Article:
A Vegas judge ordered a defense attorney to remove her Black Lives Matter pin yesterday during a sentencing hearing for her client, arguing it constituted political speech. The attorney refused, saying she was defending her free speech rights, and the judge scheduled a hearing for tomorrow to discuss buttons in court. The jury was not in the courtroom at the time.
The judge, according to the Las Vegas Review Journal, said he was enforcing a neutral policy meant to avoid outside influences in the court. No word on whether the judge, has, or will, prevent police officers for showing up en masse at police trials in what could be perceived as an attempt to influence the jury.
Last week, the executive director of the Las Vegas Police Protection Association wrote a letter to the chief judge of Nevada's eight judicial district, urging him to ban such Black Lives Matter pins from courtrooms in the district, as Huffington Post reports. Steve Grammas compared the message "black lives matter" in the courtroom to permitting messages urging the death penalty for killers or castration for sexual predators. "We are certain that the courts would not allow similar public displays," Grammas wrote. "While we embrace the First Amendment, we do not believe that such statements should be made in the halls of justice."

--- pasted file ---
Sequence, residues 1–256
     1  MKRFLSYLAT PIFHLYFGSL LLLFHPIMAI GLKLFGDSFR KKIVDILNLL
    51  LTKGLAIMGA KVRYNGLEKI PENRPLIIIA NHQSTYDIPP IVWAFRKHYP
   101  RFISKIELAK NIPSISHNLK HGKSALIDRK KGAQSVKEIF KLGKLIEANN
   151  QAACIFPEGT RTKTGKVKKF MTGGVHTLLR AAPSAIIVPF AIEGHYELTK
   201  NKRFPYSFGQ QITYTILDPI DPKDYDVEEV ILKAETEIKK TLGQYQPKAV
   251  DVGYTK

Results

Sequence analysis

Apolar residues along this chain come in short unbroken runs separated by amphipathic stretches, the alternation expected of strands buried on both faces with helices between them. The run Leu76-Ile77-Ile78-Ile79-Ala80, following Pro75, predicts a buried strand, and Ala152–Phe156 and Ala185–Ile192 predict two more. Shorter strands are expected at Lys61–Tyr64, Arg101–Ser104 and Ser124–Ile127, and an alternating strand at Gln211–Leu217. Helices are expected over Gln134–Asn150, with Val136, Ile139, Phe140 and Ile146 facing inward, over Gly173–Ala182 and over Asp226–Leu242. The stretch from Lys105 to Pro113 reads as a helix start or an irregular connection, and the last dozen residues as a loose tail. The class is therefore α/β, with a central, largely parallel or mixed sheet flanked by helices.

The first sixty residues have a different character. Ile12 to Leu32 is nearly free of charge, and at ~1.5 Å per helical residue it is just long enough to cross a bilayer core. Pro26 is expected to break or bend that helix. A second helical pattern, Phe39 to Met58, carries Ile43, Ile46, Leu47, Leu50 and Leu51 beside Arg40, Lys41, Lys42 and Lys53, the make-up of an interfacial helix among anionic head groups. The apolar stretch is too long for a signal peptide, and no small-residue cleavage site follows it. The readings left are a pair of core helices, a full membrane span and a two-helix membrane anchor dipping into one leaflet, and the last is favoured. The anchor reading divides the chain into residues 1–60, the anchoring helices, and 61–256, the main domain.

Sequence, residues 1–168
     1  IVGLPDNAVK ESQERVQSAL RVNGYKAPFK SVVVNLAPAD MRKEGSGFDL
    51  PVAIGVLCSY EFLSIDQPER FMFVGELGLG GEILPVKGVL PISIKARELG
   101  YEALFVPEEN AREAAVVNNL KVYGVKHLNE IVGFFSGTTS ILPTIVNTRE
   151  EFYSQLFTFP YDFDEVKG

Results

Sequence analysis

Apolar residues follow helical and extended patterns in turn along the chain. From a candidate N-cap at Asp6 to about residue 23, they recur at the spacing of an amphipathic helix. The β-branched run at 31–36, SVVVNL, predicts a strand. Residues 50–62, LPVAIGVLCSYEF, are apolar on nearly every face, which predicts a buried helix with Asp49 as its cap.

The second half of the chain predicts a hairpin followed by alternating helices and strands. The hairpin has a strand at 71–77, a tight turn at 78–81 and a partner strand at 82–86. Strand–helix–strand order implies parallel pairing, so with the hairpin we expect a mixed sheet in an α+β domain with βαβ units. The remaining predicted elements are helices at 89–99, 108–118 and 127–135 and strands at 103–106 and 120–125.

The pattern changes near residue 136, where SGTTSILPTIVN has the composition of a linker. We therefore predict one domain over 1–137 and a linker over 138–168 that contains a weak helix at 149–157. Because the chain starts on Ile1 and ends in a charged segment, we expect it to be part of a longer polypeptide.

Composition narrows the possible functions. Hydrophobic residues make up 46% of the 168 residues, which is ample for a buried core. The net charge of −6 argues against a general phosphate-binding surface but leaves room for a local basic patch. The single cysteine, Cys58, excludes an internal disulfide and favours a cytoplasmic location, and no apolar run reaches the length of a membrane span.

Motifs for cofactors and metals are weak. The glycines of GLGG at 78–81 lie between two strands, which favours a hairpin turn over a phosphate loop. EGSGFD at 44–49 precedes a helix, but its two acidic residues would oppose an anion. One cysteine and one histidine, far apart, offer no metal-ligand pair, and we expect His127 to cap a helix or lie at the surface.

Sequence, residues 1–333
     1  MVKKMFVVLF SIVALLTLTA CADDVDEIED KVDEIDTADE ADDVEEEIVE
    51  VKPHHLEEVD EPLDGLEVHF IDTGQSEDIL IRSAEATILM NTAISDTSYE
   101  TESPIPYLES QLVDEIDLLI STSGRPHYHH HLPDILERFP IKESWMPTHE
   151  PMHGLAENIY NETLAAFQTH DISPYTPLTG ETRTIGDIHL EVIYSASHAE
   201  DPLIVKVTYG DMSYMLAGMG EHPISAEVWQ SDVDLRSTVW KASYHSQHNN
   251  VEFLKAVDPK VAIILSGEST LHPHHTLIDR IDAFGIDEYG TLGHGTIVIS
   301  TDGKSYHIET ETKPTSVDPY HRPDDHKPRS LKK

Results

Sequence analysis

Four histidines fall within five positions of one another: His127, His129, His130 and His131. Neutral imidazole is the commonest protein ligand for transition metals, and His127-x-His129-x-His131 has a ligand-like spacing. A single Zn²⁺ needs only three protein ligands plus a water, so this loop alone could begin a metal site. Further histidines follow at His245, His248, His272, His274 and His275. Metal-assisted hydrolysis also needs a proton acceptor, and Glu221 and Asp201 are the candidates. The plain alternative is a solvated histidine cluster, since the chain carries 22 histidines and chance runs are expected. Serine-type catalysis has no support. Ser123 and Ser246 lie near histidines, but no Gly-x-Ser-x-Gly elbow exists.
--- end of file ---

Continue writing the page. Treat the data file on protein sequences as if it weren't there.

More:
Grammas is the second police union boss to say he supports the First Amendment, "but." Read the whole letter, or any letter from a police union, and ask yourself if it sounds like something a "public servant" would say?
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